Is there such a thing as “page priority”?

By Thomas Pape

Generally no. The page, or position on a page, on which a name (or act) appears does not in itself influence its precedence relative to other names (or acts) in the same work.

The valid name of a taxon is the oldest available name applied to it, unless this name is invalidated by one of the provisions of the Code or by a ruling by the Commission. Thus, the precedence, i.e., the order of seniority of available names or nomenclatural acts, is determined by the dates on which the works containing the names or acts were published. If two names that are found to be synonyms were published in the same work, they are simultaneously published and equally old (unless the work was issued in parts at different dates and with the names in different parts).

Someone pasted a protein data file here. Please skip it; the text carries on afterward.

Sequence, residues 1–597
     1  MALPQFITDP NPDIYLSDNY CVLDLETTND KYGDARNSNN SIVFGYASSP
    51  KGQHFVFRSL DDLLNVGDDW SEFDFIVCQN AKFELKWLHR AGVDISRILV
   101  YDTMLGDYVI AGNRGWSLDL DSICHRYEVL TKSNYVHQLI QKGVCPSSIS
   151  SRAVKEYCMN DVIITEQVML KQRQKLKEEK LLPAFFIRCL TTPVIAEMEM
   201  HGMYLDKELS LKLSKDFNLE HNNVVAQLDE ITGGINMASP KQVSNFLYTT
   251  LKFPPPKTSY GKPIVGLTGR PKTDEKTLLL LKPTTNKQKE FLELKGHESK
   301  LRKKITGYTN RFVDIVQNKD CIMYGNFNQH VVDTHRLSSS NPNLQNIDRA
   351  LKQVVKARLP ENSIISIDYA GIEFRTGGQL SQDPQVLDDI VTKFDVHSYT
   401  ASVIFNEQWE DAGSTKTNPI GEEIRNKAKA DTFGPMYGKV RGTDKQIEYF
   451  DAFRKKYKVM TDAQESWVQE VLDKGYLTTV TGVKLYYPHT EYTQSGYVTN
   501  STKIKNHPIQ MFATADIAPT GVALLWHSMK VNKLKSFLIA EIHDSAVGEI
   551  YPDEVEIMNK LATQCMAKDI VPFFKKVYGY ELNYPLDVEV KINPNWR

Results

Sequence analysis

The order of precedence of simultaneously published names or acts is determined by the first reviser or by a ruling of the Commission using its plenary power. The first reviser is that author who first selects one of two (or more) simultaneously published names considered synonymous (or different original spellings of the same name) to have precedence over the other name(s).

The one exception (recommendation 69A.10) is that when designating the type species for a genus, all other things being equal (i.e. a choice cannot be made on the basis of recommendations 69A.1-9), an author should give preference to the species cited first in the work, page or line. This is known as “position precedence”.

Scratchpads developed and conceived by (alphabetical): Ed Baker, Katherine Bouton Alice Heaton Dimitris Koureas, Laurence Livermore, Dave Roberts, Simon Rycroft, Ben Scott, Vince Smith